Inscribe Your Gift Book

The Prospector by Ralph Connor, A Little Book of Western Verse Eugene Field, Streams in the Desert Cowman

Three books from my collection with inscriptions.

Streams In The Desert

Inscriptions in Streams In The Desert published 1943

Do you write on the end page in the books you give to others?  Have you ever received a book from someone to find an inscription on an end page?  I don’t think I’ve ever received a book from my sister without her writing something on the front end page where she addresses me, writes something like “you’re going to love this”, and indicates the occasion along with her name.  As a book collector and seller I often come across this and very often find it related to a Christmas book.

One of the more interesting aspects of this practice is the continued handing down of a book and that being documented in these inscriptions.  The photos at the top of this post are of Streams In The Desert by Mrs. Chas. E. Cowman.  The first inscription was Christmas 1944 to “Mother” from “Beth”.  This book was later presented in 1971 by the same Beth to Elizabeth after the

death of her mother.  Elizabeth then presented the book to Vera Jean in 1973.


On a trip to Canada in 2016 I found The Prospector by Ralph Connor published in 1904.  The first inscription was simply the name and date of the original owner.  He appears to also have written his address but only indicated “City” as the name of his city.  The book was given on Christmas day to Walt in 1995.

One of my favorite books is A Little Book of Western Verse by Eugene Field published in 1899.  It is packed with poems of a variety of topics.  This book of poems was originally owned beginning March 7, 1900 by someone with the initial of “C”, at least that’s my best guess.  The book was later given by Carol to Mrs. Sheldrake on April 12, 1938.  Next it was presented to Mrs. Bartness on Mother’s day May 10, 1963.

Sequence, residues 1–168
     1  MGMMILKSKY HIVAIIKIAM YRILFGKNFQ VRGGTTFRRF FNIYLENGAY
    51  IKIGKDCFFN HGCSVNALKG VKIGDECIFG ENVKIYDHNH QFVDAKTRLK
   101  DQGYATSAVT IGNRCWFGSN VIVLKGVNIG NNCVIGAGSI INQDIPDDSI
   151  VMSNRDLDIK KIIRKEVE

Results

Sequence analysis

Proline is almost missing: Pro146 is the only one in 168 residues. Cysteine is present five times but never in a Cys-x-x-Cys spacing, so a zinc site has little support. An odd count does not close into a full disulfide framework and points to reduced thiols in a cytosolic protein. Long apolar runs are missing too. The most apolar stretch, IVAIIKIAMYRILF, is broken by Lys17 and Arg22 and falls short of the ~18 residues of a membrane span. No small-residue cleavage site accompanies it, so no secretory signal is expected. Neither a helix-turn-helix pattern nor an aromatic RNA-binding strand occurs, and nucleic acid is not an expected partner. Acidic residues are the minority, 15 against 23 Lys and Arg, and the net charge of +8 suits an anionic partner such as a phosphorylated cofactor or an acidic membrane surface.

The next time you’re looking for a unique gift for someone, consider passing on a book that’s been in your family for a long time.  If you don’t have a book that’s been passed down from generation to generation, consider finding one at a local antique mall or used book store.  Add to the inscriptions knowing that someone may read it many years from now.  A gift like this can easily be accompanied with a gift card to a coffee shop that offers a cozy place to read.

Nobody Wanted Anthony

Anthony was not wanted.  He went to a convention held by his company where the employees were being assigned to various locations.  Unfortunately, the meeting was over and he had no assignment.  Imagine being in your twentys, part of an organization, and not having any assignment.  I can’t imagine he felt too good.

Antonius Greco

St. Anthony of Padua ended up going to a hermitage where he fasted and prayed daily in a cave.  After about a year he was ordained at a monastery with other Franciscans and some Dominicans.  Fortunately they failed to plan adequately and needed a speaker at the last-minute when they gathered for their celebration dinner.  By the grace of God, Anthony was chosen to give the speech.  Have you ever been asked to make a speech without know that you would be speaking?  This event marked the birth of a preacher.  Anthony impressed everyone with his speaking abilities and no longer went without an assignment.

Perhaps putting Anthony on the spot caused him to do his best.  Perhaps fasting and praying daily was the key.  Either way, it was the will of God that Anthony became the saint that we still remember today, almost 800 years after his death.

Enjoy inspiration from St. Anthony and find the good in today.  Saint Anthony of Padua’s feast day is June 13.  A lot of background, stories, and prayers are found on Anthony by searching with your favorite search engine.